Skip to main content

IoT: It’s time to get serious

Although we’ve been talking about the Internet of Things (IoT) for more than a few years, much of the telecoms industry is still scrambling to integrate IoT into their systems with the same thorough engineering as other equipment and technologies. Today, with the IoT gold rush fully underway, CIOs and network operations managers are realizing the need for comprehensive IoT solutions that can provide a suite of IoT-related functions, including data collection, event processing, device management, data contextualization, data analytics, end-to-end security and applications enablement. 

Holistic, end-to-end IoT management has been slow to get off the ground in part because IoT devices are often so simple. Hooking one up to the network is trivial; thus, they’ve been easy to ignore. Serious engineering issues only appear when you get into hundreds of thousands and millions of them, which is still (mostly) in the future. In the early days of IoT, many operators adopted point solutions for managing specific IoT applications. In hindsight, this was a stopgap approach that won’t scale when the number of applications is in the hundreds or thousands. 

The other explanation for the delay is related to standards, which are the bedrock of our industry. They’ve taken time to develop, as is normal, and are only now being reflected in the later releases of 4G. A full architectural accommodation of large-scale IoT will only be realized with 5G. The good news is that we now know what that architecture will look like and can prepare for it. 

Speaking of the numbers for IoT, the sky is the limit and estimates vary wildly; however, the current ITU IMT-2020 proposed minimum standard for 5G networks is to support one million connections per square kilometre1 — definitely not a trivial engineering problem! 

As the current market leader in device management2, with over 1.5 billion devices under management and more than 120,000 device models in our library, we have not only been involved in IoT standards developments, but have been working closely with our operator customers to build out a fully engineered platform for large-scale IoT deployments. 

Industrial IoT, smart city technologies, utilities and automotive are the hottest segments for the industry. This is both a B2B and B2C market for most operators.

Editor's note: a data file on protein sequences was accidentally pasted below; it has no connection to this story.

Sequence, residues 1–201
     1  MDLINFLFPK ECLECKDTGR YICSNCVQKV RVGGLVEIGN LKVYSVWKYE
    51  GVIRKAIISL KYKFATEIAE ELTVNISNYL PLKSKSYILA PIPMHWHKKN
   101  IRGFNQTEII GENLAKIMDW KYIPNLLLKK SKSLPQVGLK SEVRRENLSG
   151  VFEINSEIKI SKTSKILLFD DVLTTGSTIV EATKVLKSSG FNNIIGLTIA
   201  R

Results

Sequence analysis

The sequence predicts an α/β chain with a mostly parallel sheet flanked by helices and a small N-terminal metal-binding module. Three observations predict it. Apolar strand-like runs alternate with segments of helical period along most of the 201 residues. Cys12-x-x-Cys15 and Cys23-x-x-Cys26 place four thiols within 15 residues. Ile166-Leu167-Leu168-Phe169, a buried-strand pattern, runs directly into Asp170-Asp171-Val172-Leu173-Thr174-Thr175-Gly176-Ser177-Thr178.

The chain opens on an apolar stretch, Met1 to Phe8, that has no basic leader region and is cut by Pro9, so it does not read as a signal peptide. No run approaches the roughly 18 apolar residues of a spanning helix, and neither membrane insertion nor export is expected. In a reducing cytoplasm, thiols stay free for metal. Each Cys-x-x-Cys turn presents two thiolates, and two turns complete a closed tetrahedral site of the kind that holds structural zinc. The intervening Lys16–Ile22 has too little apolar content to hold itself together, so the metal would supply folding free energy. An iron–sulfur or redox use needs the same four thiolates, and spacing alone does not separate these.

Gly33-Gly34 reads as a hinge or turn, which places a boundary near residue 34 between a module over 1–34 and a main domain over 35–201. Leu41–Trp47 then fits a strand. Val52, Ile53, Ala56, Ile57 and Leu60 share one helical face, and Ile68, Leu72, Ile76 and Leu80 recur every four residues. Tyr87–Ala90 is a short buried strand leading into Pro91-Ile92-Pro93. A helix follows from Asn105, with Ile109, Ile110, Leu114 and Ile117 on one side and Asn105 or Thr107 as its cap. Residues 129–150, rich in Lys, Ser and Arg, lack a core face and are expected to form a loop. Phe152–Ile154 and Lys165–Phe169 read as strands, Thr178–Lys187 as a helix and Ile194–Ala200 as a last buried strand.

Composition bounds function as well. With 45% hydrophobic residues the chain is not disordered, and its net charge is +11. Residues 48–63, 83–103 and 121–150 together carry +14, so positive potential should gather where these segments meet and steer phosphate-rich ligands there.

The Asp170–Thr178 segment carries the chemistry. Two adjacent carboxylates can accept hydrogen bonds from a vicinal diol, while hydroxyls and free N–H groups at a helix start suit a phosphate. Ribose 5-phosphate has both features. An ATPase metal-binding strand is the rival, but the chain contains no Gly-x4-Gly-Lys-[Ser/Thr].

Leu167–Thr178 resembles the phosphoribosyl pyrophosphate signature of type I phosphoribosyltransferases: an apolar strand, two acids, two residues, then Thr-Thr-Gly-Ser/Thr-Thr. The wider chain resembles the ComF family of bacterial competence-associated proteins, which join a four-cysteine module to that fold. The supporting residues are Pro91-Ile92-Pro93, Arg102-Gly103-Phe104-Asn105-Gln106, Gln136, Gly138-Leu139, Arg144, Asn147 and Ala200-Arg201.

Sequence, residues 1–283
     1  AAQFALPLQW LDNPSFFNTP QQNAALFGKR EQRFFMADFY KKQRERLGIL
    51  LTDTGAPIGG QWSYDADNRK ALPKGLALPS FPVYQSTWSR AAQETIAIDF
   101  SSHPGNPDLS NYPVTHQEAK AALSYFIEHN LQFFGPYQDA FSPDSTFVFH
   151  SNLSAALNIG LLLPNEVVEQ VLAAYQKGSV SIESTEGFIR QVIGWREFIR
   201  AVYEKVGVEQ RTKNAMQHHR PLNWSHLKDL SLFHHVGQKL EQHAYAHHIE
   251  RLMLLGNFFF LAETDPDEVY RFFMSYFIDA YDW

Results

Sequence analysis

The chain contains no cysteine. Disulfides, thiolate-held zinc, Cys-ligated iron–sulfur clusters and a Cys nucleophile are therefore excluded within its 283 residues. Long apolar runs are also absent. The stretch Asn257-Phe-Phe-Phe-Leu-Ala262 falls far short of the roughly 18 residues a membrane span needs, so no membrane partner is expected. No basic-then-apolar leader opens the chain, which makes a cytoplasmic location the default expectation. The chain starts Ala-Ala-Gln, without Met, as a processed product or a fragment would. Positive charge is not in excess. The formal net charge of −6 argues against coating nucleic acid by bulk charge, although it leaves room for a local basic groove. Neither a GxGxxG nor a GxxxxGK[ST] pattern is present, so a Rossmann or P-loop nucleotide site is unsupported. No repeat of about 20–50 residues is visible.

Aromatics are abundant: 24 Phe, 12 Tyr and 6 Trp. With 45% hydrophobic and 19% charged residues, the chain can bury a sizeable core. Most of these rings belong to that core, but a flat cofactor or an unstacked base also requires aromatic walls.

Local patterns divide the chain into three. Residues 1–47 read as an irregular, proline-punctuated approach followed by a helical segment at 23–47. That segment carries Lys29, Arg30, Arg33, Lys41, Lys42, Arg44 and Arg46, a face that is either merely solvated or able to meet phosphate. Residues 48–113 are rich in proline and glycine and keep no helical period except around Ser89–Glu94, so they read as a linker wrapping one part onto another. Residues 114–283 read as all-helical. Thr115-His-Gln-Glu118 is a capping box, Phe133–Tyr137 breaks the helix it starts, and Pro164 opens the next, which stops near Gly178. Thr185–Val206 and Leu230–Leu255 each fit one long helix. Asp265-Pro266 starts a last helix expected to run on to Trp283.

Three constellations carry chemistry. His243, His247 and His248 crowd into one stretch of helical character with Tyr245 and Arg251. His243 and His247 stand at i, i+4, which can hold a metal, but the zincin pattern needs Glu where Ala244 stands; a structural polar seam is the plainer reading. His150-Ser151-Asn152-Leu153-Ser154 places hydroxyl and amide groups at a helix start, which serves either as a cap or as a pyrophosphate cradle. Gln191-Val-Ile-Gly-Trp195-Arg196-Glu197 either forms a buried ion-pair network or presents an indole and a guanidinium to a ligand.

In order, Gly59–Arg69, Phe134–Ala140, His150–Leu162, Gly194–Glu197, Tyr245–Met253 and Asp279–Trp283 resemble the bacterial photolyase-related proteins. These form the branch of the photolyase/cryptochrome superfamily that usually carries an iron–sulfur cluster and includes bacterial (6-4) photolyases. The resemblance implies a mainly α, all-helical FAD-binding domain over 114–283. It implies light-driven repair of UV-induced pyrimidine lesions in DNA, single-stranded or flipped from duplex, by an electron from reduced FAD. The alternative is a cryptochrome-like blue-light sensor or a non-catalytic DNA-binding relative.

In the consumer space, operators need to move away from physical SIMs for logistical reasons given the scale of IoT and to support popular handset providers as they begin to deliver eSIM equipped devices in quantity. Operators are ready to embrace eSIMs but need a solid platform for deploying and managing them.  

On the enterprise front, machine-to-machine (M2M) is the focus today but enterprises will also be rolling out IoT applications and services to their own customers, so we will be quickly moving beyond industrial automation. 

Analytics and network automation will play a critical role in this market because of the extreme scale of IoT deployments. IoT devices are expected to out-number classic mobile devices on the network by orders of magnitude. Thus, big data analytic techniques, bolstered by AI and machine learning, will be necessary to drive network optimization and efficiency, including proactive, automated actions. IoT may prove to be the key driver that gets network operations management to finally embrace automation. 

What most operators are looking for is an end-to-end solution that integrates connectivity management with IoT device management. It should include support for hybrid access schemes, aggregating cellular (NB-IoT/SCEF, LTE-M and LTE), unlicensed spectrum (LoRa, Wi-Fi, CBRS, MulteFire) as well as specific home solutions such as Zigbee and Z-wave. As we prepare for a 5G world, the platform also has to fully leverage technologies such as SDN/NFV, multi-edge computing (MEC) and carrier ethernet mobile backhaul (MBH).  

At Nokia, we are of course in the thick of all these technologies, whether its mobile or fixed networking, device management, security or customer care. We’ve approached IoT holistically because we believe it will be transformative, not simply an add-on or overlay to our existing network operations. And, as if our own convictions weren’t enough, this is what our customers are telling us as well.  

The numbers are occasionally frightening. Many of the applications being proposed will connect major portions of our society’s critical infrastructure to the network. Security is crucial. Failures due to mismanagement will not be tolerated when our health care, transportation, energy and industrial sectors are built around IoT. With our IMPACT IoT platform, we believe our customers will have a comprehensive solution with the capabilities to rise to this challenge and overcome the complexity and scale inherent with supporting multiple IoT applications. Most importantly, it will allow them to compete and thrive in this disruptive and innovative market. 

Share your thoughts on this topic by joining the Twitter discussion with @nokiaIoT and @nokianetworks using #IoT #IIoT #InternetofThings #CEM

Rich Crowe

About Rich Crowe

Rich Crowe is a marketing leader with a passion for helping service providers use analytics and AI to transform their customer relationships, create new revenue opportunities and ensure the service experience is delightful. That passion includes caring for the growing numbers of IoT connected things and always seeking to make technology relevant to customers.

Tweet me @rhcrowe or click here to learn how Nokia can help you create brilliant digital experiences.

Article tags